There's some debate among experts about whether kids who experience traumatic events like Sandy Hook school shootings in Newtown, Conn. need to be treated differently than those who are abused.
(Photo: Jason DeCrow, AP)
Although most children exposed to traumatic events such as natural disasters or school shootings never suffer post-traumatic stress symptoms, there is insufficient hard evidence on the best interventions to help kids who do suffer from these exposures, a new government-sponsored review concludes.
In the analysis of 6,647 research abstracts on psychological and pharmacological therapies, only a few psychological treatments were shown to help kids 17 and under in the short term, and no medications were shown to have benefit.
Just 21 trials and one study reported in 25 abstracts met the reviewers' standards for quality and strength of evidence, says Adam Zolotor, an associate professor of family medicine at the University of North Carolina-Chapel Hill and a co-author of the study, published Monday in Pediatrics.
None of the studies attempted to replicate findings of effective interventions, and none provided insight into how therapeutic interventions may influence children's long-term development, Zolotor says.
The findings underscore, he says, "how limited our good clinical trial information is on the subject."
The Agency for Healthcare Research and Quality, operated by the U.S. Department of Health and Human Services, commissioned the study "to identify gaps in the current scientific literature and highlight important areas for future research," according to the journal report.
There does exist a strong body of research on the benefits of psychotherapies that contain elements of cognitive-behavioral therapy (CBT) as an effective treatment for children who have been exposed to physical abuse, sexual abuse and other forms of maltreatment or "relational" trauma, says Zolotor. (A type of talk therapy, CBT aims to help patients understand the thoughts and feelings that influence their behaviors. It is commonly used to treat a wide range of disorders, including phobias, depression and anxiety.)
This type of intervention may be better than no treatment at all for children facing "non-relational" or non-interpersonal trauma, Zolotor says, but more research is needed to determine "the best type of approaches for either the prevention of post-traumatic stress symptoms or the treatment of symptoms once they've occurred."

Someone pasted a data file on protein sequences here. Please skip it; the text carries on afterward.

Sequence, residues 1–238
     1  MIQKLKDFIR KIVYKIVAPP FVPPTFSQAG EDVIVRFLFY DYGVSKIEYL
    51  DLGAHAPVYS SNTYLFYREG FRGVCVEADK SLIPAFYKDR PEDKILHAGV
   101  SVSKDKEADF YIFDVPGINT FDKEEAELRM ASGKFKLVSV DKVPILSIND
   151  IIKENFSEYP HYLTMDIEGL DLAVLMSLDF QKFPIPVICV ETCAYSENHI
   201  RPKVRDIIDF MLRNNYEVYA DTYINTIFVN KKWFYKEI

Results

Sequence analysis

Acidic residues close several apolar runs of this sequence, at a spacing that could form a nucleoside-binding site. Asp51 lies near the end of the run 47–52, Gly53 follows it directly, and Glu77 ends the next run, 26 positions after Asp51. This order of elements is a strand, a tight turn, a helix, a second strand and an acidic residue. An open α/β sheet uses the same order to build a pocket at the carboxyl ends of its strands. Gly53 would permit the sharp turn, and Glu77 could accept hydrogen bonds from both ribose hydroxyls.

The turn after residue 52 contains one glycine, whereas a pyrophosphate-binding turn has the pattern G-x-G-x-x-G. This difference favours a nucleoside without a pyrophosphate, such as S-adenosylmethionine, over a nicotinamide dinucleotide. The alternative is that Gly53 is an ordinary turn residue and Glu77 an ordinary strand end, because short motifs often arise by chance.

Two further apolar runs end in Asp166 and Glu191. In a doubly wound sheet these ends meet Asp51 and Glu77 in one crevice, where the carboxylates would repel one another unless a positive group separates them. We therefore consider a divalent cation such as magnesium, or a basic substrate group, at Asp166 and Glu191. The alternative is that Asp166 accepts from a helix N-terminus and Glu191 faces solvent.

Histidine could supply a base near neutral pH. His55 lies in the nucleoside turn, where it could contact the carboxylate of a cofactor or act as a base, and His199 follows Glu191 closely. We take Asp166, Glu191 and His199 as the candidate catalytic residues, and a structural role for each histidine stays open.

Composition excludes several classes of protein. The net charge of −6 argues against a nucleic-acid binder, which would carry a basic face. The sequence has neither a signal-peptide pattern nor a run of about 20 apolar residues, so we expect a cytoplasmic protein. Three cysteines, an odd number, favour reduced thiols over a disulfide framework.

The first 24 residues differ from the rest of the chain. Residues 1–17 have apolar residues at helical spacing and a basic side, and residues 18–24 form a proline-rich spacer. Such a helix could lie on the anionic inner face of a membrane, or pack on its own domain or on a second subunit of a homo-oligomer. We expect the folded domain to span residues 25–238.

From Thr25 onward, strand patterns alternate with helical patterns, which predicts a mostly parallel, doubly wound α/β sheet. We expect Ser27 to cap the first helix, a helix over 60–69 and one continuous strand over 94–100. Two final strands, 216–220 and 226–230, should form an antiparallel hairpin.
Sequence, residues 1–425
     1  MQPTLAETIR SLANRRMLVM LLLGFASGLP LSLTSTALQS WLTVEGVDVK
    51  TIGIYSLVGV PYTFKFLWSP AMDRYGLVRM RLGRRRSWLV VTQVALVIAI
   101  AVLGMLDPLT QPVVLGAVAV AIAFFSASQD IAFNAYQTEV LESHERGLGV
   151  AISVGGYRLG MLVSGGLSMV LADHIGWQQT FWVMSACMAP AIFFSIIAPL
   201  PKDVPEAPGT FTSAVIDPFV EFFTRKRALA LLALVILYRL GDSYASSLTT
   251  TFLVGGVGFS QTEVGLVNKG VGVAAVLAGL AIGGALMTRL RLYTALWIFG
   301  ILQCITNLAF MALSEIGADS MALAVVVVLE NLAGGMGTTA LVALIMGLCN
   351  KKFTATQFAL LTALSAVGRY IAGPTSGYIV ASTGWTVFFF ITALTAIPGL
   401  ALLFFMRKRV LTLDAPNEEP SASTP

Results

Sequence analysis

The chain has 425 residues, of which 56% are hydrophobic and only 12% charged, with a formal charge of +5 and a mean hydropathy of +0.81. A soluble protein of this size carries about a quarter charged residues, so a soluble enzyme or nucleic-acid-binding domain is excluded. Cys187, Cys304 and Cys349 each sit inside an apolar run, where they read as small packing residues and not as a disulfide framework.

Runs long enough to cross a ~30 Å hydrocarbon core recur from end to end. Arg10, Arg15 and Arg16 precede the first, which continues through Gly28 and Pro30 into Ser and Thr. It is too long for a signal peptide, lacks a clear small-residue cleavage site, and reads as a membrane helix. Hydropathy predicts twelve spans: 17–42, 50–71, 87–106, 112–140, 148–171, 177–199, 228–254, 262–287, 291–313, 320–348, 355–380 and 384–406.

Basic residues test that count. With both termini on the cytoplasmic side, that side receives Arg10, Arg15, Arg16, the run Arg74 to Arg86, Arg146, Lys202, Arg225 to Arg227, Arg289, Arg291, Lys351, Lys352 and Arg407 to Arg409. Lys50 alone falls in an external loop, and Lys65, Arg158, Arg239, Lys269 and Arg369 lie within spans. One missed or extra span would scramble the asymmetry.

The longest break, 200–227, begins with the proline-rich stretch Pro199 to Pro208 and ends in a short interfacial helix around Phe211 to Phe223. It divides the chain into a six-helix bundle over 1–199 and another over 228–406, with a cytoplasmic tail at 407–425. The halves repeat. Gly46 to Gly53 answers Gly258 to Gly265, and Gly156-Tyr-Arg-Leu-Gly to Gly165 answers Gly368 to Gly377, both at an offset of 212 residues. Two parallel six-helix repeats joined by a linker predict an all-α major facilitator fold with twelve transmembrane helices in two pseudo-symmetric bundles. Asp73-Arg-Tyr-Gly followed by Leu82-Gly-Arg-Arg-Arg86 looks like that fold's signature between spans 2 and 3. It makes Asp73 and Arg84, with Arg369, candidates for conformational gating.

This study is not about the debriefing programs that counselors and mental-health professionals often conduct soon after a shooting or other critical incident; rather, it addresses "therapies for kids who are having (chronic) traumatic stress," notes Denise Dowd, a pediatric emergency physician and director of research in the Division of Emergency and Urgent Care at Children's Mercy Hospitals and Clinics in Kansas City, Mo.
Although the majority of kids exposed to traumatic events rebound with the support of loving and caring family relationships, only a few kids start to have problems and develop signs of post-traumatic stress disorder, says Dowd, author of an accompanying commentary in Pediatrics.
A 2007 longitudinal study of 1,420 children ages 9-16, published in the Archives of General Psychiatry, found that potentially traumatic events are common in children but do not typically result in post-traumatic stress symptoms or disorder.
That study found that two-thirds of children reportedly experienced at least one traumatic event by age 16, including 31% with exposure to one event and 37% to multiple events.
Of those, about 13% developed some post-traumatic stress symptoms by age 16, but less than half a percent met the criteria for post-traumatic stress disorder.
Some experts take issue with the new study's premise that there are critical differences between trauma from personal maltreatment and other types of trauma that necessitate different types of intervention, and the need for expensive studies to validate them.
"Our current understanding of how child trauma works is that there's more commonalities than there are differences in how children respond to trauma," says psychiatrist Judith Cohen, medical director of Allegheny General Hospital Center for Traumatic Stress in Children and Adolescents in Pittsburgh.
And "most kids who actually come for treatment have experienced multiple kinds of trauma," whether it's from abuse or exposure to a devastating accident or shooting, says Cohen.
"It's likely that the same kind of treatment that works for one type of trauma is going to work for another kind," she says.
Michelle Healy, USA TODAY